Skip to main content

About your Search

20130113
20130121
Search Results 0 to 5 of about 6 (some duplicates have been removed)
senator schumer said there is still a pretty tense environment here in washington and imm after the inaugural ceremonies up here on the platform, they go inside for the traditional inaugural luncheon where the president, speaker boehner and majority harry reid will be sitting down at the same table and wonder what that environment is like. i asked former bush white house chief of staff andy card about that remembering back to 2001 after that controversial election, and what the environment was there, here is what he told me. >> i suspect it will probably be a lot like the atmosphere that george w. bush experienced in his first term of office, it was a little bit chilly and cold, but at the same time, you can't help, but be wrapped up in the excitement of an inauguration. >> reporter: of course, that's what this really is about. celebrating american democracy on monday, tomorrow, the big question, what will the environment be like on tuesday morning, alisyn. >> alisyn: well, that's absolutely right. there is a lot of environment, john. thanks for showcasing that for us and we ca
of statistics and the economic environment that we're in today? >> now, i wish i had an answer to that one. you know, i've said before that there is a highway into poverty today, and there's not even a sidewalk out. and there's very little, once you get there, and you are so there, that can be done to help you at this point in time. because there aren't the jobs, there aren't the resources, there aren't the credit limits that there used to be. so the real key here is, what can you do out there right now to prevent yourself from going into poverty? and i always say that there are three things. three things that if we could just learn to ask ourselves, before we spend a penny. number one, is it a need or a want? obviously, if it's a need, you have to buy it. if it's a want, can you just walk away? you have to get as much pleasure in saving as you do spending. this era of spending, spending, spending has got to go. and last but not least, we all have to get as much pleasu in saving as we do spending. so, you know, it's very interesting. >> suze, what if you're one of those people who's unemployed.
&p are yielding more than the ten-year u.s. treasury, and that type of environment where dividends are going to grow 10% this year, that can be a good backdrop on stocks like ford that developed its dividend last week, lowe's on the home improvement side and dresser injuries and transindustries. >> with all due respect, jpmorgan out yesterday saying that maybe the dividend play is last year's play and maybe now is the time to get into riskier assets in equities because they feel like the economy is going to start to pick up. so you're sticking with the dividend play though? >> i am. for these two reasons. one, bill, the growth of dividends is the story. not the absolute yield. it's the growth in dividends and that can be names like qualcomm, apple, ford is my example. second. when investors look much like 1994 and 1999, when interest rates went higher, the ten-year treasury was yielding, was returning minus 3% for those two calendar years. people will come back to the stock market, but they will come back to the stock market in the safer yield and dividend-growing stories. that is why i thin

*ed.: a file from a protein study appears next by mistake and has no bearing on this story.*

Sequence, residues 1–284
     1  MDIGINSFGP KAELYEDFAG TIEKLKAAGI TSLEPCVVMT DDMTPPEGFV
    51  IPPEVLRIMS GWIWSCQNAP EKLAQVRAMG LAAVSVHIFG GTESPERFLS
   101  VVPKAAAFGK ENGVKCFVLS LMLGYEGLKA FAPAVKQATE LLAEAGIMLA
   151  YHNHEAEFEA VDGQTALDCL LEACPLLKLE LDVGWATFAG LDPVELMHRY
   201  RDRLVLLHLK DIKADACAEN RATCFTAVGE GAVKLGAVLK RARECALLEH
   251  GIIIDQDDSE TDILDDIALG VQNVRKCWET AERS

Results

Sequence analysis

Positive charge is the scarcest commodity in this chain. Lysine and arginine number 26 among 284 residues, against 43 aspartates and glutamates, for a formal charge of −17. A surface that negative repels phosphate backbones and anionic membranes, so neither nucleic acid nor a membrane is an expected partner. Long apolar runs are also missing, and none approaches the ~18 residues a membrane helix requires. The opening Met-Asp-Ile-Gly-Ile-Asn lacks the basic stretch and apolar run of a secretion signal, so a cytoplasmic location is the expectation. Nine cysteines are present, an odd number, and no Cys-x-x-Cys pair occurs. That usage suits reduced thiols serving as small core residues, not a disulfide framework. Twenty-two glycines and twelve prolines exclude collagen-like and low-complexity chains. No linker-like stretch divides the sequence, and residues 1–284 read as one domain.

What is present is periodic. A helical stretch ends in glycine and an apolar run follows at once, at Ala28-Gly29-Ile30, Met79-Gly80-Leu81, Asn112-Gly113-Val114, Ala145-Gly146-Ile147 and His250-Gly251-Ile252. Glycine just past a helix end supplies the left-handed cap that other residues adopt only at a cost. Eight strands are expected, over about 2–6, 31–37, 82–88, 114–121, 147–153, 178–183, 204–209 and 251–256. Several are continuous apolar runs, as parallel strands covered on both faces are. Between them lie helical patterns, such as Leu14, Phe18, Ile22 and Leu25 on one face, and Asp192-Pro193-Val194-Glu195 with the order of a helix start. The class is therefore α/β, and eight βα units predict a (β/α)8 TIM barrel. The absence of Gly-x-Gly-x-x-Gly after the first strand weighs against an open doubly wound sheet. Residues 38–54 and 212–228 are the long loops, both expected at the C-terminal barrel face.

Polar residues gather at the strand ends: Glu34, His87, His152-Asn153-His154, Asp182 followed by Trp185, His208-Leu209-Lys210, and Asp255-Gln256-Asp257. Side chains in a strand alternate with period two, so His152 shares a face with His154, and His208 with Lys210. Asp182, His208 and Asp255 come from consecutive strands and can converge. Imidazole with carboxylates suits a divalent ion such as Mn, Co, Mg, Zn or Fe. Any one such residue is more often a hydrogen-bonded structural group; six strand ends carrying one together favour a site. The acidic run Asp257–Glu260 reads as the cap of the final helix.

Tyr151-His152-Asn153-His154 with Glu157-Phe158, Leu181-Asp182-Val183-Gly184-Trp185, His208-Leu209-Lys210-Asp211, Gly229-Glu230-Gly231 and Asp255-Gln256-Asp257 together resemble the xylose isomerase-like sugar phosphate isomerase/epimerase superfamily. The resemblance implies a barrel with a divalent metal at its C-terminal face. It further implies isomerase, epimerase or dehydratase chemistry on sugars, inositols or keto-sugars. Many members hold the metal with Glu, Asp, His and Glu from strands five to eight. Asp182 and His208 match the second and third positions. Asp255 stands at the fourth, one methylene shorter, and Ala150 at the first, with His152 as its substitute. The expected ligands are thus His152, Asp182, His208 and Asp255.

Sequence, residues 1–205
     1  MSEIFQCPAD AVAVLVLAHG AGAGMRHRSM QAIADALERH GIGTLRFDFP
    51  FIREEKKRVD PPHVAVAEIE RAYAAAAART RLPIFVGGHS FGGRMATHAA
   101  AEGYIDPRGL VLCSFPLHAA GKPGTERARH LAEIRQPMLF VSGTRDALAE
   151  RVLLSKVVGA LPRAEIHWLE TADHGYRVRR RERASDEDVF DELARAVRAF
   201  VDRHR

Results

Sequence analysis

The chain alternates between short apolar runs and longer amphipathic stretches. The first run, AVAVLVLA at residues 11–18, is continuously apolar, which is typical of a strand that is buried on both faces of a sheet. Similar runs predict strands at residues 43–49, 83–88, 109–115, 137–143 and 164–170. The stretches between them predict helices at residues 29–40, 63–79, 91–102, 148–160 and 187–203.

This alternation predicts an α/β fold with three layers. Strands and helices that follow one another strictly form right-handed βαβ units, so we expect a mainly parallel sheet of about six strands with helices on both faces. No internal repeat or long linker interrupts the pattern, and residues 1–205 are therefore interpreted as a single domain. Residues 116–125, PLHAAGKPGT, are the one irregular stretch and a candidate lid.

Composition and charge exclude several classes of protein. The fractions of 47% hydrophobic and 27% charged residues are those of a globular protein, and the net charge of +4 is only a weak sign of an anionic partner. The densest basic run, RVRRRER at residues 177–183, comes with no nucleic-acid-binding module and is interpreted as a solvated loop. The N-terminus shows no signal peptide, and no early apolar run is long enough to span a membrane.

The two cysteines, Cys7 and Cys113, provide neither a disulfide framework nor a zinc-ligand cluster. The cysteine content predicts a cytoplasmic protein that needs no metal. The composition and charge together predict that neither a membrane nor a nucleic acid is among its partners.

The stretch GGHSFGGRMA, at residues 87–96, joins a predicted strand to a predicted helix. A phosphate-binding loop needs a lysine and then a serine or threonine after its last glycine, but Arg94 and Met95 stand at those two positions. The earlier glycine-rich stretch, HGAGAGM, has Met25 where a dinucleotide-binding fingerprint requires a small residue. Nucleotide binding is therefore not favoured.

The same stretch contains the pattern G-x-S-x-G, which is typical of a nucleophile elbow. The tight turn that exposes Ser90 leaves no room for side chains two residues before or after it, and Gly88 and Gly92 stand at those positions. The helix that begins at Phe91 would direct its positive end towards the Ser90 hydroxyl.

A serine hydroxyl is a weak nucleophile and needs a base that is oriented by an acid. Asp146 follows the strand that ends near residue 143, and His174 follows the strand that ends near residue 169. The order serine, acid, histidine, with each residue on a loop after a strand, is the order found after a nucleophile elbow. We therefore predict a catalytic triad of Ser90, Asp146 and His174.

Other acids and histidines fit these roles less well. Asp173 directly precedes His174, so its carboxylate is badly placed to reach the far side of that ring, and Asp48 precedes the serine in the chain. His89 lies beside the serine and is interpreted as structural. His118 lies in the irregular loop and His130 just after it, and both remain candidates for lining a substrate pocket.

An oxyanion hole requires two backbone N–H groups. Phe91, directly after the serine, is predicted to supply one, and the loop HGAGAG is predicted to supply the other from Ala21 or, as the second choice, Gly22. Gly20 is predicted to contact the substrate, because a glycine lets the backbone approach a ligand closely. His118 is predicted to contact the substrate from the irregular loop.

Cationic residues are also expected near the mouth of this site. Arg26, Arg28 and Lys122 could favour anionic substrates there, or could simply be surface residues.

deficits, and also to deal with our trade deficits, and create an environment where the businesses can grow in the united states. the most important thing is we come together with a comprehensive solution, not just working one piece or the other, but a comprehensive solution where we can start to grow the economy again for everybody. >> but the order in which we do things matters. first, raise the debt ceiling, allowing america to pay for its bills that it already racked up. then come up with a longer term plan that could put us back in fiscal good health. america's ability to meet its obligations should not be held hostage to an agreement on spending cuts. >>> retail sales went up by half a percentage in december. cars saw the biggest gain, jumping 1.8% at dealerships. other stores that see sales go up during the holiday season, like clothing and electronics, barely saw gains. while sales are expected to increase in 2013, it is slow going for now. for one thing, americans are getting a little less in their paycheck, now that the payroll tax holiday has ended. and a little less money means
returns, what you're telling clients for the next three to five years? >> in this environment, we're actually asking our clients to think about three things. first we're going to have low interest rates for awhile. so they need to adjust their expected returns. so in a low interest rate environment we're going to have lower returns across all asset classes. second, we're telling our clients that as they think about the lower returns in the context of their portfolios, they also need to recognize that we are going to have volatility from incremental policy on a global basis. whether it's in the u.s., europe, japan or emerging market countries. we are expecting that policy, whether it's monetary policy adjustments, fiscal policy, it will all be incremental. and that will create market pressure because it won't be at a pace that the markets would like to see. so that will introduce volatility. and it's not something our clients should try to trace. they should look over the horizon and invest for the long run. >> looking at the long run, three to five-year term outlook if you look at
Search Results 0 to 5 of about 6 (some duplicates have been removed)